"When it first happened, yeah. I thought I was going back in the game," Chinn said recently. "The next thing I know, I'm getting an MRI, and I'm on IR.

"Initially, it was worse than what I thought it was on the field. But I'm a pretty fast healer, and I take pride in taking care of my body. I knew whatever it was if it was something keeping me off the field, it's not something small."

The schedule also gives them something else to consider regarding Chinn's return. With a second straight road game followed by a short-week home game against the Falcons, the recovery time he'd have after a first game back is another thing to think about.

He's not ruling himself out, and he said his recent workouts have been more intense as they try to ramp him up. But he's also a long-term asset; having him right is more important than having him right now.


Am I the only one feeling like a sad ex who can't stop following their former partner while watching CMC ball out in San Fran? — Nate, Grand Prairie, TX

Don't cry because it's over, Nate; smile because it happened.

And even though you two crazy kids enjoyed some good times, you were starting to need different things out of the relationship, and when it becomes clear that someone is a transitional partner, sometimes it's best to let them go.

Now, look at him out there, living his best life, trying new things, and throwing passes for touchdowns. (Which reminds me of one of the best Onion stories ever.)

It's good that he's happy. He deserves to stay that way. He works hard at football, and he is good at it. But the Panthers still needed the extra draft picks the next couple of years more than they needed a premium contract at a non-premium position. It's hard to put what feels like a relationship into a balance sheet and attach economic values to particular people, but it's a business sometimes.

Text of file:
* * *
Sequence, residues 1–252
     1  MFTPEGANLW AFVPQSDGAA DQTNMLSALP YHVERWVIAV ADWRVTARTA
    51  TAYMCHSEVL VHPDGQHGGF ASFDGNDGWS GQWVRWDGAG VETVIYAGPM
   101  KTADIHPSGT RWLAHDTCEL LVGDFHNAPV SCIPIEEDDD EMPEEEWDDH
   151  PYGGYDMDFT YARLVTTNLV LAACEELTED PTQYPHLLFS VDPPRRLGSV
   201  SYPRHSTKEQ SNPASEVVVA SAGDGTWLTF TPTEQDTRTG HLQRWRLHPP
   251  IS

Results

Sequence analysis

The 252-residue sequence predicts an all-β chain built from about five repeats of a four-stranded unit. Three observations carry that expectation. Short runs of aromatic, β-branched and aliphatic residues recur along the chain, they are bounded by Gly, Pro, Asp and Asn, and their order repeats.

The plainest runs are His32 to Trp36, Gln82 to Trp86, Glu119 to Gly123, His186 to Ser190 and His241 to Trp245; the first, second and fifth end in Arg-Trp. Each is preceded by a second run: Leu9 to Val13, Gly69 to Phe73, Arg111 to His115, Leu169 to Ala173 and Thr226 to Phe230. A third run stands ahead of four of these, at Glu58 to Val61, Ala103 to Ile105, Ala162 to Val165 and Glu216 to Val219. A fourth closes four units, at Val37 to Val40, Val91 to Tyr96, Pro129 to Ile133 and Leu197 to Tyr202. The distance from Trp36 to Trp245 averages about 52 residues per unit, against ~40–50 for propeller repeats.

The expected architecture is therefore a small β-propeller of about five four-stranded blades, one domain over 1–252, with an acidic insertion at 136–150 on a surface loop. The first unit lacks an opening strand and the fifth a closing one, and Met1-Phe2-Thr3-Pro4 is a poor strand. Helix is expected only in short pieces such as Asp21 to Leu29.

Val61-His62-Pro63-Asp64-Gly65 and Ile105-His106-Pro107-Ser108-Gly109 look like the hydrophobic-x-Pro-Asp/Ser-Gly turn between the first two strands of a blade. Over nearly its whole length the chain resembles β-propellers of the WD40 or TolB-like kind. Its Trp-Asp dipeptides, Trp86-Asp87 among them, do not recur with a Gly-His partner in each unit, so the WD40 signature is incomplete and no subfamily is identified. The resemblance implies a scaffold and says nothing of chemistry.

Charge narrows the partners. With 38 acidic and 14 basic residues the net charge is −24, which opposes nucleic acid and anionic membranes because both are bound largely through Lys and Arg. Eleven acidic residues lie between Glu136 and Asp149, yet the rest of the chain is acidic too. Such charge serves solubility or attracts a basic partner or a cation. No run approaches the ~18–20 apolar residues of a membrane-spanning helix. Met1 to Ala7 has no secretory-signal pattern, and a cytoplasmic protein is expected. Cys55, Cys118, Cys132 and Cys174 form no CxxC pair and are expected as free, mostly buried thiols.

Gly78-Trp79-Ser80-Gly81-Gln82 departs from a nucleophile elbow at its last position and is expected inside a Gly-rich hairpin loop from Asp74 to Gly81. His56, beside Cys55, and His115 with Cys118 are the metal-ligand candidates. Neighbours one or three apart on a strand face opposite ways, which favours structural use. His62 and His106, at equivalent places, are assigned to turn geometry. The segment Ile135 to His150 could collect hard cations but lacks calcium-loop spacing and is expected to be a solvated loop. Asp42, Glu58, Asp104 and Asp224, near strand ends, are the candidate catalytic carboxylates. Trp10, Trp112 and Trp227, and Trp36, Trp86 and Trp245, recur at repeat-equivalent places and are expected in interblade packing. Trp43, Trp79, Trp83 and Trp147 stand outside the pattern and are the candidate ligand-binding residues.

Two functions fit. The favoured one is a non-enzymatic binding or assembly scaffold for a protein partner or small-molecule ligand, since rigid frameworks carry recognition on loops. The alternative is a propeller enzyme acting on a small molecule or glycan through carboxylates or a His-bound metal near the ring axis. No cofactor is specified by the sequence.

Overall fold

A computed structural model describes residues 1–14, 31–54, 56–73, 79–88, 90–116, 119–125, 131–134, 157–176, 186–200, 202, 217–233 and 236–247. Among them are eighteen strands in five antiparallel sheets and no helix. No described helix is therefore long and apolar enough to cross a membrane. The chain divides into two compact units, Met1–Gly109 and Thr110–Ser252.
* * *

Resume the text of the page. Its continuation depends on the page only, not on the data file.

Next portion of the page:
It just doesn't always feel that way when you develop any level of emotional attachment, which is what fans do with players. You'll always have the memories, Nate. But seriously, you have to stop driving by his house. That's weird.


Who did not think D'Onta Foreman could run the ball? News flash - he can catch too. — Kevin, Texas City, TX

Texas City sounds like a fictional place. Kind of like Texas State, which everyone remembers as the school where Paul Blake, Andre Krimm, Manumana The Slender, and Lucy Draper shocked the world by defeating the hated University of Texas Colts. It's certainly not an actual college that played Appalachian State this year; that was also a figment of someone's imagination.

I'm sorry, where were we? Oh, Foreman. Yeah, my god, what a game he had.

One of the shames of Sunday's outcome in Atlanta is that memories of his outburst will eventually fade. He had 26 carries for 118 yards and three touchdowns, perhaps the only player in the world with as many fantasy points as McCaffrey last week. (Too soon?)

Part of the key was he was the lead back again, the way he was when he was subbing for an injured Derrick Henry in Tennessee last year. Foreman just doesn't appear to be one of those guys who can spot in for a play or two and provide peak form. He needs time to let it breathe and develop. He's capable of big plays, but his running style might best be described as cumulative. Over the last two seasons, when he gets single-digit carries, he's only averaged more than 4.5 yards per carry once.

But in the last two weeks, when he has had 15 and 26 carries, he's averaged 7.87 and 4.54 per carry. So it's fair to call him a volume runner.